A boyhood fantasy of any Star Trek fan since 1966 has always been to captain the Starship Enterprise. Not Scott Bakula’s Enterprise (RIP), but the original set, and design that made the nerds of yore froth from the mouth with desire. Taking the helm initially provides both a feeling of joy, and stress as you slowly realize the total immersion will envelope you. Having to command a Starship can be a supreme undertaking, but with a level head, and a cool attitude, you can triumph over the Klingons, and subsequent evil that unfolds throughout the short, but exciting story mode.
During the offline campaign you’ll find yourself immersed in many tense situations from the iconic Kobiyashi Maru mission, to other less exciting exploration adventures. These fill the offline void that can be troublesome if online gaming isn’t within your realm of enjoyment. The offline components of this title are incredibly enjoyable, but don’t ever reach the true potential of Star Trek: Bridge Crew. The true high point of Bridge Crew is found once you leave the safety of offline, and enter the online component.
Online gameplay in any title can be a fickle beast. The uncertainty of the players that you’ll be thrust into battle with is part of the charm of the online play in Star Trek: Bridge Crew. Within the first seconds of connecting to a lobby it was immediately apparent that the hilarity of having 1:1 detection of hand gestures, and movement is going to entertain for hours. Each player takes control of one of four stations on the Bridge of the Aegis. Those four spots are the captain, tactical officer, engineer, and helm officer. Each position offers a fair amount of differences that keep every game new, and fresh.
In terms of the visuals, and general aesthetic of Bridge Crew, Red Storm has absolutely nailed the true to life feeling of being a bridge officer on a starship. It’s rather unfortunate that other timelines, and styles of ships don’t make appearances (minus the original 1960’s Enterprise). It would have been nice to have seen other iterations of ships, but that of course is a minor complaint that is easily looked past. Otherwise the look, and feel is present everywhere you look. During attacks the bridge begins to throw sparks, and the screen shakes giving the player the feeling of impending doom unless the engineer does their part in repairing the ship.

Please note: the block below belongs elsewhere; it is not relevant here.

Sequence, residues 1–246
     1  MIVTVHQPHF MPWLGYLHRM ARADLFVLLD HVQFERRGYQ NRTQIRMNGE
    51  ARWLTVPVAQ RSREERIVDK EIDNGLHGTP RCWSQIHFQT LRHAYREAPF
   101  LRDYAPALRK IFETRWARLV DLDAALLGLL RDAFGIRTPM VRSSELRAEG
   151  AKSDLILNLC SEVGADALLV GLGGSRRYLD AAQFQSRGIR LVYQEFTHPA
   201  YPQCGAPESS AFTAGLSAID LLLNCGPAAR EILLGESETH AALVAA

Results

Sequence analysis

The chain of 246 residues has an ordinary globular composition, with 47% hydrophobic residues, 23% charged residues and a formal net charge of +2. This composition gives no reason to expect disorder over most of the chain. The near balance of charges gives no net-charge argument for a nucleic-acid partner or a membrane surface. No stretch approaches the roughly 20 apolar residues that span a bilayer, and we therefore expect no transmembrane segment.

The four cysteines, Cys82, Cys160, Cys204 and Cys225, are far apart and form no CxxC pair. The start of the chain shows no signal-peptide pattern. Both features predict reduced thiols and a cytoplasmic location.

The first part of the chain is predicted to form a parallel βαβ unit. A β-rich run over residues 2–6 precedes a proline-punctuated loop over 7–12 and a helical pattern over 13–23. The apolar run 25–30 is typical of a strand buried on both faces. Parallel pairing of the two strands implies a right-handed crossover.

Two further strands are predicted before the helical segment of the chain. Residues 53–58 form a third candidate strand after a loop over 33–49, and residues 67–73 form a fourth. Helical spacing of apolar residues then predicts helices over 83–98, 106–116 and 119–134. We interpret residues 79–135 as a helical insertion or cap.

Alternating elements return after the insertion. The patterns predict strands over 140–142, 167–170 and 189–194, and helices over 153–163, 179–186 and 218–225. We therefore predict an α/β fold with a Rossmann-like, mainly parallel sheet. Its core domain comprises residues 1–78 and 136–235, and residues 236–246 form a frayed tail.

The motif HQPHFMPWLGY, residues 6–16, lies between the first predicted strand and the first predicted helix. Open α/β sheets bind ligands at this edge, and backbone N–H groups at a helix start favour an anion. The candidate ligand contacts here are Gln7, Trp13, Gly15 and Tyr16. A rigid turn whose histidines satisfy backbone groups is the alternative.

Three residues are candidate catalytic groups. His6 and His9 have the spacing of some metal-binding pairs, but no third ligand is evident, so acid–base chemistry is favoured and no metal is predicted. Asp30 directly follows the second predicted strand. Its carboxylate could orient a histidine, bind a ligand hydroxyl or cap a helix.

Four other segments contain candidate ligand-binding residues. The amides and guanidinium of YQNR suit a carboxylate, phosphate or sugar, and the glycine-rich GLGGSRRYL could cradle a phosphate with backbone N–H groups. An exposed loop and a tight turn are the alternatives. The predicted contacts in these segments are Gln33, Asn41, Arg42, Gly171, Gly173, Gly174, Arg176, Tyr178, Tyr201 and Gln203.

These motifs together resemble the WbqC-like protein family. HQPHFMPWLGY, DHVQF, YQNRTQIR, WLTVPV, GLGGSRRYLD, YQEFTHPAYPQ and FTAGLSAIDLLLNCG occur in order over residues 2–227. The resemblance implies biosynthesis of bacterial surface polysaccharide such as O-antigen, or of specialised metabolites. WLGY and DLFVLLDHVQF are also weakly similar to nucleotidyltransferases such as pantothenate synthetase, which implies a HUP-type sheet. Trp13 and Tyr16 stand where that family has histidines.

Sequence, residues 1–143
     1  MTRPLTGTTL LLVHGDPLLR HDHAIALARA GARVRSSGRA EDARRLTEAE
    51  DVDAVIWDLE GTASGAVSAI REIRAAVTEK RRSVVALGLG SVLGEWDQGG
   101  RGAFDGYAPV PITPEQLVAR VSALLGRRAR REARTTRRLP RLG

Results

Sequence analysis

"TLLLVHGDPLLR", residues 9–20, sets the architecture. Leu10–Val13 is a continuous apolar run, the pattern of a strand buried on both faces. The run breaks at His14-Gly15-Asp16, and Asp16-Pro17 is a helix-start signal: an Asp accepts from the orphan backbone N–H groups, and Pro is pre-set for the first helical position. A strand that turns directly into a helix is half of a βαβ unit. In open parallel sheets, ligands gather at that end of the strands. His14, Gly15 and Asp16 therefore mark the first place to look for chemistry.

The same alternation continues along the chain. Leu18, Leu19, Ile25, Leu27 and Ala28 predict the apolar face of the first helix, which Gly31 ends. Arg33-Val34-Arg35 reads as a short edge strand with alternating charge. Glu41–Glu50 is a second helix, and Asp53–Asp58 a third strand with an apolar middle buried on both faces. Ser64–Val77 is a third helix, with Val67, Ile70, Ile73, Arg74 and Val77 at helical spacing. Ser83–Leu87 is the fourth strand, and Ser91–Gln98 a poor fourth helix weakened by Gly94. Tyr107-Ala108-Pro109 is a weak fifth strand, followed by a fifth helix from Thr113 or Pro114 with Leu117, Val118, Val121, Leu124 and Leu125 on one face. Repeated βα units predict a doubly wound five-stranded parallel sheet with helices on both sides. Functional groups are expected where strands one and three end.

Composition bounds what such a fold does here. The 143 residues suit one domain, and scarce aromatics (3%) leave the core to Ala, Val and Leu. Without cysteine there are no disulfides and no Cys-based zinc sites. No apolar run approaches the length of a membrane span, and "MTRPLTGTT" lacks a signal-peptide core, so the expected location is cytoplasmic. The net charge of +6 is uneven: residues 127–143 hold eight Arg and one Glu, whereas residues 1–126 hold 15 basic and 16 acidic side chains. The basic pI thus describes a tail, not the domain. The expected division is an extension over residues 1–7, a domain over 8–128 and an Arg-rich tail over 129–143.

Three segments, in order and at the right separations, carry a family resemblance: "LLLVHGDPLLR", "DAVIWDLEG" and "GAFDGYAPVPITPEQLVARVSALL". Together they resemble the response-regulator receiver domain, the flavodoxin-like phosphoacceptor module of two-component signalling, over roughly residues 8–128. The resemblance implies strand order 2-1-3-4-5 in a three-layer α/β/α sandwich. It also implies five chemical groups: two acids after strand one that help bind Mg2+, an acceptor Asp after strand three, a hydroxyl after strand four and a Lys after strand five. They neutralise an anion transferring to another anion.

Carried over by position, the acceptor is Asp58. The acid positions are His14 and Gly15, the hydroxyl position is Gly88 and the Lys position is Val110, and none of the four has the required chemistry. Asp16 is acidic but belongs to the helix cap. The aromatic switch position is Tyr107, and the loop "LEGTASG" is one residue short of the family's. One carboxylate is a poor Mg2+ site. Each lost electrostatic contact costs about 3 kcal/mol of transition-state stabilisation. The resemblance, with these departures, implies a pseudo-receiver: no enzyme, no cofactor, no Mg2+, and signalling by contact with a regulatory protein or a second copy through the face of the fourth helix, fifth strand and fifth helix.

Audio is also a crucial aspect that has been given tons of love in Bridge Crew. Part of making a good VR game is not only giving the player of feeling they are in the scenario visually, but also aurally. The minor beeps, creeps, and sweeps are all there in their lovingly crafted 1960’s glory. Even aboard the more modern Aegis it’s apparent that Red Storm was very careful in choosing the sound effects carefully. All of this combined with the gorgeous visuals (Even for the Playstation VR headset) brings forth the true feeling of being a starship captain.
Star Trek: Bridge Crew is by no means a perfect game. However, it is without a doubt the most engrossing, lovingly crafted, and fun experience that i’ve had in VR to date. To say that I would love to see more starship styles make an appearance is an understatement. The developer has now given players the ability to play in VR, and outside of VR. Although that is a delightful addition, this game is meant to be experienced in VR. I say experienced because if you’re a fan of Star Trek, then this game is an absolute must play.